CHICAGO — Like at other herb shops in Chinatown, the glass jars lining shelves at Yin Wall City offer floral teas, shitake mushrooms and a seafood product that looks strangely like dried corn husks and sparks controversy even hundreds of miles from the ocean.
Shark fin is a pricey delicacy used to make soup considered a status symbol at Chinese social gatherings. But environmentalists say harvesting sharks just for their fins is inhumane and a threat to shark populations, and they have brought their campaign against it to Illinois, which could become the latest state — and the first inland — to ban its possession.
Chicago’s Chinatown, among the largest nationwide, is a hub for the sale and consumption of shark fin in the Midwest, lawmakers say. However, evidence in the neighborhood — reduced demand and restaurateurs’ support for outlawing shark fin — may reflect waning appetite as environmental concerns increase. Advocates say a state measure would add momentum to the movement to prohibit it worldwide, including in China.
Good luck finding a bowl for lunch in Chinatown, a dense South Side neighborhood of restaurants and bulk goods shops with its own museum, library branch and gardens along the Chicago River. Shark fin soup is listed on the menu at several restaurants, but chefs don’t keep it on hand because it’s expensive, takes days to prepare and is so rarely ordered that it would go to waste.
Dried shark fin, most commonly sold in long, thick triangles at bulk stores, costs from $300 to nearly $900 a pound, depending on the variety. It’s sold elsewhere for less in other forms: A Springfield Asian grocery sells canned shark fin soup for $5 a can, and a Rockford market sells a 7-ounce package for $40.
Bans on the delicacy have passed in California, Washington, Oregon and Hawaii, and a few East Coast states are mulling it. In Illinois, the issue was raised by the Center for Oceanic Awareness, Research, and Education and The Humane Society.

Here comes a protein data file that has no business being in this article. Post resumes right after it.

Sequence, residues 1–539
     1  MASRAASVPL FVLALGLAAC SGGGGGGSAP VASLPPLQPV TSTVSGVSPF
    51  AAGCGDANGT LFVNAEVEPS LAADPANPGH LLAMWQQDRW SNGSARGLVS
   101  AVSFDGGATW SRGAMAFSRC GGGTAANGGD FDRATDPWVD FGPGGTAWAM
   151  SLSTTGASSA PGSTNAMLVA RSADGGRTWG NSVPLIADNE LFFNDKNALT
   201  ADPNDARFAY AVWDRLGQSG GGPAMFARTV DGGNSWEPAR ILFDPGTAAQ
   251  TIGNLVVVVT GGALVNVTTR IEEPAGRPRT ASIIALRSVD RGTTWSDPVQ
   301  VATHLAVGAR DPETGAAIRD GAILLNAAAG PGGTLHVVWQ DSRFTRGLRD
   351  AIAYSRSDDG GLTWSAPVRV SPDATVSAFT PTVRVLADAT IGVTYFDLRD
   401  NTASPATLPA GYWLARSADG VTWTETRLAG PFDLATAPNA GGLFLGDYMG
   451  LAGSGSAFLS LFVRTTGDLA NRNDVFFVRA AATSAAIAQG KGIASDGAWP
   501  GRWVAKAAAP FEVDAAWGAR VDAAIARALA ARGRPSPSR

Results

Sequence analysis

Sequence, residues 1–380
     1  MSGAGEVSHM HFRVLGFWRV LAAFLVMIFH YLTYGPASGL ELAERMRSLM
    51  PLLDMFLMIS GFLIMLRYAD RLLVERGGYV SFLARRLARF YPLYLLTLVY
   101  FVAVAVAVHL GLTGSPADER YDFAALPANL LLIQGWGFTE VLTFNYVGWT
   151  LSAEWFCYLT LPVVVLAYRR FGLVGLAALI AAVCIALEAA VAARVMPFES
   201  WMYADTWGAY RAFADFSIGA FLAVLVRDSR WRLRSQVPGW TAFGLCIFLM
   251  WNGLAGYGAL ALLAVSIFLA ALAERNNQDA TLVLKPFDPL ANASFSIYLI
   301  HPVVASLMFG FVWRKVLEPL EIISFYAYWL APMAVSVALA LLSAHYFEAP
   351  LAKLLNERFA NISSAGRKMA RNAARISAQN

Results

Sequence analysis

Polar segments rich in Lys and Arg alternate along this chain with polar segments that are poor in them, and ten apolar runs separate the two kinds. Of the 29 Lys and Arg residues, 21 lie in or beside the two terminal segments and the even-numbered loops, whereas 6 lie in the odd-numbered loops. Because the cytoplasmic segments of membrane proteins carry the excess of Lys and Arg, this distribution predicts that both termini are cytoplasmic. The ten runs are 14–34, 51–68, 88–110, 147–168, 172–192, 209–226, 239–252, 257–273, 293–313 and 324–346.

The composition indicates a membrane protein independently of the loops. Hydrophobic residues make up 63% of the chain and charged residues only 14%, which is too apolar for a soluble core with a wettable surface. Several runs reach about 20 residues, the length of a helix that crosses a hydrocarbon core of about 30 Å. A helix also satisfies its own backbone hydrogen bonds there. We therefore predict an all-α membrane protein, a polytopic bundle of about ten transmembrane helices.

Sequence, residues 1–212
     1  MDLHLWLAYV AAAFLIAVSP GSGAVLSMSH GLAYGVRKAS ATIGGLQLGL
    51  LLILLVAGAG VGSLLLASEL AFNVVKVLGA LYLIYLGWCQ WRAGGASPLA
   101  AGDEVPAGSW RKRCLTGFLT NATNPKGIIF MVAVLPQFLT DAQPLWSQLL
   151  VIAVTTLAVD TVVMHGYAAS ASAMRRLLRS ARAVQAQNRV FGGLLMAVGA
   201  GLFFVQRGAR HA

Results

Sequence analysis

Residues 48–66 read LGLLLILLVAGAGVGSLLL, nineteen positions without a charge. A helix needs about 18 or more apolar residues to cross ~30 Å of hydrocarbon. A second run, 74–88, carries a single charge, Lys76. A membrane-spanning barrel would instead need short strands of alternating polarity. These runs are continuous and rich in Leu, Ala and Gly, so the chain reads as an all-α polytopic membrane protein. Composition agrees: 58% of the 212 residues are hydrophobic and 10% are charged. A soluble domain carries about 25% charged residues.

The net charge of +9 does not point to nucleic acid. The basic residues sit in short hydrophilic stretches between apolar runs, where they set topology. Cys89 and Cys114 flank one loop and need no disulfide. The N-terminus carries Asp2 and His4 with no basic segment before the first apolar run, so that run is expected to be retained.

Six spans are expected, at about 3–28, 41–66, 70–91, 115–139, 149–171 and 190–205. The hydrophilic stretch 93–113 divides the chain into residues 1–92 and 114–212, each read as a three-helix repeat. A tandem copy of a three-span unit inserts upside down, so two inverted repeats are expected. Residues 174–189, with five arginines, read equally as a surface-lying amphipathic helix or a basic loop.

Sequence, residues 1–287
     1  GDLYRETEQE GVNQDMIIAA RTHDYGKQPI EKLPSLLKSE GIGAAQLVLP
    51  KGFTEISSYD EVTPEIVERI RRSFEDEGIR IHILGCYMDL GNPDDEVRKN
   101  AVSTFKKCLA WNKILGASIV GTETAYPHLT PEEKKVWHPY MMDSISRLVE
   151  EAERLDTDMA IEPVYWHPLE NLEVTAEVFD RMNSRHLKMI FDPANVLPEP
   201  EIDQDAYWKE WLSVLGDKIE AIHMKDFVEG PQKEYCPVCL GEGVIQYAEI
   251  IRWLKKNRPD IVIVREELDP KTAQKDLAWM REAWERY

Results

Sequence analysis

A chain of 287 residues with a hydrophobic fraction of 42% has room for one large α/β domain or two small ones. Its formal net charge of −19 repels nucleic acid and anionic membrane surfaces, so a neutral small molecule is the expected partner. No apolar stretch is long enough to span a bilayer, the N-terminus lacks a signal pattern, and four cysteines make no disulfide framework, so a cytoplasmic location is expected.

“Although we are not surrounded by oceans,” said State Rep. Sara Feigenholtz, a Chicago Democrat sponsoring the ban, “we are connected to this as an environmental issue.” Her legislation to ban shark fin passed with an overwhelming majority in the Illinois House and awaits a Senate vote.
In China, the practice of eating shark fin soup goes back several hundred years, said Theodore Foss, a director at the University of Chicago’s Center for East Asian Studies. Once considered upper-class food, it’s become more common as the standard of living has increased and, like champagne, remains a status symbol at weddings and business meetings.
Clerks at Chinatown stores tout shark fin for healthy bones, livers, hearts and virility, though there’s little Western scientific research to support the claims. Shark fin meat — cooked so long it takes on a stringy texture — is bland when eaten by itself, so it’s often sprinkled with crab meat or ham.
In recent years, a widespread public awareness campaign has been mounted against harvesting shark fin, which is difficult to regulate because of its global scale. Finless sharks either die right away from the injury or are left to die an agonizing death without the ability to swim.
Few hard statistics are available when it comes to shark fin consumption. Advocacy groups and scientists estimate between 26 million and 74 million sharks a year are harvested for their fins, while shark populations are dwindling.
Activists believe each additional ban in the U.S. has an impact in China, and that an Illinois ban, just as Chicago officials are working to improve ties with the Chinese, would be especially meaningful.
In Chinatown, business owners say they’re already gearing up for a ban. One of the neighborhood’s biggest business owners, Tony Hu, says he serves it at only one of his five restaurants but is leaving it off new menus.
David Hoy, a manager at Won Kow Restaurant, hopes someone orders the dish so he can finish off his last little bit in stock. At another dried goods store, a clerk said she’s ready to sell shark extract pills instead, at $6 a bottle. And Xiao Ming, 49, who studies Chinese medicine and was buying herbs last week, said he no longer eats it.
“It’s a universal concern for the environment,” he said.
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